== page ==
- The sequence (FDR<1%) of the protein, molecular weight will be reported in the report.
FAQ of De Novo Peptides Sequencing
Q1: What is the difference between de novo sequencing and Edman degradation sequencing for protein sequencing?
A: De novo sequencing of proteins utilizes algorithms to directly deduce the peptide sequence from ion information in mass spectrometry spectra. On the other hand, Edman degradation sequencing is generally suitable for peptides composed of 15-20 amino acids and requires relatively high sample purity, at least 97% purity. It also involves protein digestion, peptide separation, purification, and individual peptide testing. Additionally, the time and economic costs of performing Edman degradation sequencing on a monoclonal antibody are relatively high.
Compared to the traditional Edman degradation method, mass spectrometry-based de novo sequencing is more efficient, high-throughput, and cost-effective. In cases where the amino acid sequence of a protein is already known, de novo sequencing can also identify new protein variants arising from unknown mutations, splicing events, and various post-translational modifications, providing more comprehensive information about the antibody sequence.
Q2: What types of samples can be used for de novo sequencing of protein?
A: De novo sequencing of proteins is not dependent on the size or length of the protein. It can be performed on monoclonal antibodies, Fab/Fc, bispecific antibodies, multispecific antibodies, recombinant proteins, peptides, fluorescently labeled antibodies, cross-linked antibodies, and other types of proteins.
Q3: Can fluorescently labeled or cross-linked antibodies be subjected to de novo sequencing?
A: Proteins that are cross-linked on beads or those that are fluorescently labeled, such as flow cytometry antibodies labeled with FITC, Cy5, PE, etc., can also undergo de novo sequencing.
Q4: Do the sample buffer components affect the sequencing results?
A: For standard sample submission, it is recommended to use PBS or Tris buffer system for protein dissolution. If there are components like glycerol, BSA, detergents, salts, etc., appropriate purification methods will be applied, ensuring that they do not affect the sequencing results.
Q5: Will sample glycosylation and post-translational modifications affect the sequencing?
A: During data analysis, possible post-translational modifications and glycosylation will be taken into consideration, and they will not affect the sequencing results of the sample itself.
Q6: What does the report of protein de novo sequencing include?
A: The report includes the following:
Complete amino acid sequence of the protein, including heavy and light chain sequences for antibodies, constant and variable regions.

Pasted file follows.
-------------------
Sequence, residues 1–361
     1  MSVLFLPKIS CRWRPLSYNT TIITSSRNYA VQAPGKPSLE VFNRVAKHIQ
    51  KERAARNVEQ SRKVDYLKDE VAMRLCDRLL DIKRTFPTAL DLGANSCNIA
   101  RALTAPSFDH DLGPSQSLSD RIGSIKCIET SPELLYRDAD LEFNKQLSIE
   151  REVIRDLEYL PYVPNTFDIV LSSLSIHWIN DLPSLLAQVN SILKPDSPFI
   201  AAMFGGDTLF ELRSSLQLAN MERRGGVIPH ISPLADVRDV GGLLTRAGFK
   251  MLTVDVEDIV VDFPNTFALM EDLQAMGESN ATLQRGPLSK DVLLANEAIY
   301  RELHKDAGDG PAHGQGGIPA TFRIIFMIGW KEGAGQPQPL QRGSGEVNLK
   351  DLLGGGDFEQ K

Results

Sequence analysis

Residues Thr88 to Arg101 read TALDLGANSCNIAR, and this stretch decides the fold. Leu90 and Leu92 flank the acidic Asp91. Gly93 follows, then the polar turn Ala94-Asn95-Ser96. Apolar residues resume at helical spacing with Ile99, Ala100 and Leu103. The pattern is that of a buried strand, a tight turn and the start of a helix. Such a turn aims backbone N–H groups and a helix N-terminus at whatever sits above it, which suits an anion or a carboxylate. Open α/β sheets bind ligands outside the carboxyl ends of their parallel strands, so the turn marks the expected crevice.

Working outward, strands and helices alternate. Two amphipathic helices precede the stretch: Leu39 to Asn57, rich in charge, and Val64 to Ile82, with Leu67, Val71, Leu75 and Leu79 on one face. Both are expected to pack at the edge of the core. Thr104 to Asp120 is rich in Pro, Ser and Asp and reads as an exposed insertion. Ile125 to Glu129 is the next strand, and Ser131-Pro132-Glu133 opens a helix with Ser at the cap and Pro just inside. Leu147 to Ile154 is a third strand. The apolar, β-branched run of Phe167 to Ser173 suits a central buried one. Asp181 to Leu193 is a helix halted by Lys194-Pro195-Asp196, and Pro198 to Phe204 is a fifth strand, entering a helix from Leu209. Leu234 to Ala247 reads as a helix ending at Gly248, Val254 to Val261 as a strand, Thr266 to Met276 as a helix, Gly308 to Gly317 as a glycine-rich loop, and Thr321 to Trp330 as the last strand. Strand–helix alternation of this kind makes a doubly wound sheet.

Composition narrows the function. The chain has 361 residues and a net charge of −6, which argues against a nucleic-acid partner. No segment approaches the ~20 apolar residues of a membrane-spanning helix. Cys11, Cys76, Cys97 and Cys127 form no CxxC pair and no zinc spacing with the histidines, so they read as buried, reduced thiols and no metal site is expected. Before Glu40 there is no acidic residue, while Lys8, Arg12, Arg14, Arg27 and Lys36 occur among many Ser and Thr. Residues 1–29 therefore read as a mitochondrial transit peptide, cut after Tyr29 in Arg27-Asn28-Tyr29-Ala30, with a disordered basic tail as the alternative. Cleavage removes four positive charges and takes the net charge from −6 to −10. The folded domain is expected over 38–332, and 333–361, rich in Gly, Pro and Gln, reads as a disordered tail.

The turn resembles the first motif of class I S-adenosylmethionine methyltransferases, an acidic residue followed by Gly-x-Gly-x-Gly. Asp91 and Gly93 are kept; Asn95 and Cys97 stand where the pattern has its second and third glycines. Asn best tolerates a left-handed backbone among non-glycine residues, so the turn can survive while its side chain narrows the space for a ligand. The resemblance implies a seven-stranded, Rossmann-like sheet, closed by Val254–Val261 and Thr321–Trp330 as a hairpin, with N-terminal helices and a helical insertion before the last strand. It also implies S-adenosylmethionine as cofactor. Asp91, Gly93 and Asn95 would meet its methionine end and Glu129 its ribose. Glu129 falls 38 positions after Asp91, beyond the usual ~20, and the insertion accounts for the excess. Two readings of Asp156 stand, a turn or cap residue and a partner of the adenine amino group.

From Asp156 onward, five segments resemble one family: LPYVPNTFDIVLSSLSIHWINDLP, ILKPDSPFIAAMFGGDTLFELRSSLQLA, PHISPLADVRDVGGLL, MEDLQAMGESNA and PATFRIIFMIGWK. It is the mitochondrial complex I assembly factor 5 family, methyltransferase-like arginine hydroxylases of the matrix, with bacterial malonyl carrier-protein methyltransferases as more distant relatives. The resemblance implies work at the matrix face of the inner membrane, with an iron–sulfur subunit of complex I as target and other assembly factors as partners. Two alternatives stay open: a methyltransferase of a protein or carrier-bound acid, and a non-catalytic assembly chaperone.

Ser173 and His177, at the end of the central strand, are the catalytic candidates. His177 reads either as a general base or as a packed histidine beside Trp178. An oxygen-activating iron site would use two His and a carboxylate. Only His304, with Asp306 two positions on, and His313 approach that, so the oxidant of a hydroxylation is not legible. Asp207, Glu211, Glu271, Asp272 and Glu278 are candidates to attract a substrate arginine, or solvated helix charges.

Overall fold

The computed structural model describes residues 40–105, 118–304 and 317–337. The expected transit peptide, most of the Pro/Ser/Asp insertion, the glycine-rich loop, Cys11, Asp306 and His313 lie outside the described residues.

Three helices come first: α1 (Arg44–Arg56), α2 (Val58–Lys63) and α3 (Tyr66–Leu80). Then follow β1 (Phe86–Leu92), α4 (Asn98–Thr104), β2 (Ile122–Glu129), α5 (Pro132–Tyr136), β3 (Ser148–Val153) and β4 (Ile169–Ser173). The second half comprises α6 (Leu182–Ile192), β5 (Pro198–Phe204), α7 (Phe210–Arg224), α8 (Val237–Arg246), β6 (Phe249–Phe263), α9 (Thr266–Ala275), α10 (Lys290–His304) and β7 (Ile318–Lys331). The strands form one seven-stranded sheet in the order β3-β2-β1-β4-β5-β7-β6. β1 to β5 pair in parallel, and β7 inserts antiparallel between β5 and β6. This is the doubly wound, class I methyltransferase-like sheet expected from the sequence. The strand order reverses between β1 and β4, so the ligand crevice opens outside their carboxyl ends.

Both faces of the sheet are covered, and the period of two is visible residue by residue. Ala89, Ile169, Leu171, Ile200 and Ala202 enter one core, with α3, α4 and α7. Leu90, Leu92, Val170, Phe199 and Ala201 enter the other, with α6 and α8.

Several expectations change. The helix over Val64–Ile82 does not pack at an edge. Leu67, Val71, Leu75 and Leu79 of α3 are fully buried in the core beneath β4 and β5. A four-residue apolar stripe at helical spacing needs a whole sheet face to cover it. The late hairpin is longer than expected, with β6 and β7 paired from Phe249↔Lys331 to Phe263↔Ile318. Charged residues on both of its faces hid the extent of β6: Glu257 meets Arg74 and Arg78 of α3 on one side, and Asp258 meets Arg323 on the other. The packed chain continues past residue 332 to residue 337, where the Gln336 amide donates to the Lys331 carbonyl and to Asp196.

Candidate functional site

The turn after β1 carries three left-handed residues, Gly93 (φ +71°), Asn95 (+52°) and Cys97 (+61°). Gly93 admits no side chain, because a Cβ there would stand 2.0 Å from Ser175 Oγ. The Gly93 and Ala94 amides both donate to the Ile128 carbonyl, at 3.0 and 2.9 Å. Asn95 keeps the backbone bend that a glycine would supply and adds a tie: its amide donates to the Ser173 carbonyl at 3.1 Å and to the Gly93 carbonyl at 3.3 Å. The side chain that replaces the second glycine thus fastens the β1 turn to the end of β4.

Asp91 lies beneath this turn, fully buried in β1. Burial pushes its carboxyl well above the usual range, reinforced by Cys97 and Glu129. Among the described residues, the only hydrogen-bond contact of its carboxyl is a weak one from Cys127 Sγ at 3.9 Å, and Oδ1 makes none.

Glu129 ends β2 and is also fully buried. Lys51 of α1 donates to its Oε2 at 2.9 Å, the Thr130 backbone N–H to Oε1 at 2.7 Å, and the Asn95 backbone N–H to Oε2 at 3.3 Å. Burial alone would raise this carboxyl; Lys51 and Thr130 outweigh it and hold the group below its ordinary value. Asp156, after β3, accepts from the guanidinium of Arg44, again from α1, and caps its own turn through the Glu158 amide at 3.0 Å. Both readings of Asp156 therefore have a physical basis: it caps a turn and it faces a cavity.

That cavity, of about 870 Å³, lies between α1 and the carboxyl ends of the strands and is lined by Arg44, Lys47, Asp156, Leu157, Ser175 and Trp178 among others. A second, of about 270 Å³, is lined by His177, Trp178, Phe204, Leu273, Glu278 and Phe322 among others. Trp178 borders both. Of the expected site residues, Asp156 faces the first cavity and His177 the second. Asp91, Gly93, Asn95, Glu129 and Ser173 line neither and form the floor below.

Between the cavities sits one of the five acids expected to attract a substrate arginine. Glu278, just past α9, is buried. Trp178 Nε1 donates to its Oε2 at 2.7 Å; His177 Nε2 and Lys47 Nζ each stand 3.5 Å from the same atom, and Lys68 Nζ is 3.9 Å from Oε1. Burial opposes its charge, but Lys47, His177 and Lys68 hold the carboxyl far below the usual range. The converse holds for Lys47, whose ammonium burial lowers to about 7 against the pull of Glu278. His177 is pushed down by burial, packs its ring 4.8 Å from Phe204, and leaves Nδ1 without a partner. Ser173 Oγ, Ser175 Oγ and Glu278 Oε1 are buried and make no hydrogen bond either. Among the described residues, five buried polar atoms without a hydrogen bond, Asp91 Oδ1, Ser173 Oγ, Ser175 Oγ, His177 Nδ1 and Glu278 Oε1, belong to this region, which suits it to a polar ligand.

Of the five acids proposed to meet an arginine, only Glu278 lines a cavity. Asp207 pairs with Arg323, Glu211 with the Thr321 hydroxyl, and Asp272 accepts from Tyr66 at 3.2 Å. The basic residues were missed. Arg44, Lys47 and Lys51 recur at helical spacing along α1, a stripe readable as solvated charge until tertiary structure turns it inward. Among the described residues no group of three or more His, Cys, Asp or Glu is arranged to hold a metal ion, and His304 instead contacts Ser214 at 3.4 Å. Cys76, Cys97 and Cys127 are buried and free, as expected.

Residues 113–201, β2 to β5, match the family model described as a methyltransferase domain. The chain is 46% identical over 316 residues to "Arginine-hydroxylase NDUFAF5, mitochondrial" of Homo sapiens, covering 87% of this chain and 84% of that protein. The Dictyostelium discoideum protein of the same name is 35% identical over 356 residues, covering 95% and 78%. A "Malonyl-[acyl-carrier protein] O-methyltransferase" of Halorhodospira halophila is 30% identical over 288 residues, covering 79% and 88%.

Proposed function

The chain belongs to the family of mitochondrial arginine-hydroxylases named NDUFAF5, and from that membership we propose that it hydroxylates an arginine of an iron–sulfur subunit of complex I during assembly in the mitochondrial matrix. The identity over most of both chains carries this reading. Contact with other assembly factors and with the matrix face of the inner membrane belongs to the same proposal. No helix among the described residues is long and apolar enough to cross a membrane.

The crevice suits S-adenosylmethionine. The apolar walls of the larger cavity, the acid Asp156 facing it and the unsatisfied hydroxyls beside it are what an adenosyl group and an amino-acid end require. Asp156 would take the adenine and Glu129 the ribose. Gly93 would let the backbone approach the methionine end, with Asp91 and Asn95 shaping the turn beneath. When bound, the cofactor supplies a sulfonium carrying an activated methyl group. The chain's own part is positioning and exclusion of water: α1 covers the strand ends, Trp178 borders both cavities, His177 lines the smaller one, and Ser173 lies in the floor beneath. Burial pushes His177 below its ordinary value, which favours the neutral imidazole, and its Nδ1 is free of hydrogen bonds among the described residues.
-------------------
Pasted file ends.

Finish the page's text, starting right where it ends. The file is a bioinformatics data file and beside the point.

Verification of the complete molecular weight, comparing the measured molecular weight to the theoretical sequence weight to validate sequence accuracy.
Peptide coverage map of the complete sequence, with support from over ten different peptide fragments at each amino acid position.
Supportive secondary mass spectrometry data for variable region peptide segments of antibodies.
Reliability analysis of I/L identification.
Q7: How accurate are the results of protein de novo sequencing?
A: The sequencing results guarantee full sequence coverage and 100% sequence accuracy. Each amino acid position is supported by over ten different peptide fragments in the mass spectrometry data, providing strong evidence. The sequencing results are obtained through a combination of software algorithms and manual verification, ensuring the accuracy of the sequence.
Antigen Presentation Profiling Reveals Recognition of Lymphoma Immunoglobulin Neoantigens
The article integrated genomic and proteomic strategies to directly analyze tumor antigen peptides presented by MHC I and MHC II from tumor cells. It was found that these tumor neoantigen peptides originated from the variable regions of immunoglobulin light chains or heavy chains of lymphomas. For the MHC-bound tumor neoantigen peptides, over 24,000 unique peptides bound to MHC-I were identified through immunoprecipitation (IP) and mass spectrometry, while over 12,500 unique peptides bound to MHC-II were identified. Additionally, a protein sequence database was constructed for comprehensive proteomic analysis of the MCL cell line.
In terms of data analysis methods, the team employed a combination of de novo sequencing and database search, with improvements to the percolator algorithm. The PEAKS Studio 7.0 software was used to execute de novo sequencing and database search, maximizing the identification of peptides.
The analysis method based on de novo sequencing in the study used a credibility filtering approach to obtain de novo tags for database search. By combining de novo sequencing with database search, the efficiency of peptide identification was maximized, leading to improved sensitivity and accuracy in the database search. This approach facilitated the identification of a greater number of modifications, sequence mutations, and entirely novel peptides.
- Khodadoust M S, Olsson N, Wagar L E, et al. Antigen presentation profiling reveals recognition of lymphoma immunoglobulin neoantigen. Nature, 2017, 543(7647):723-727.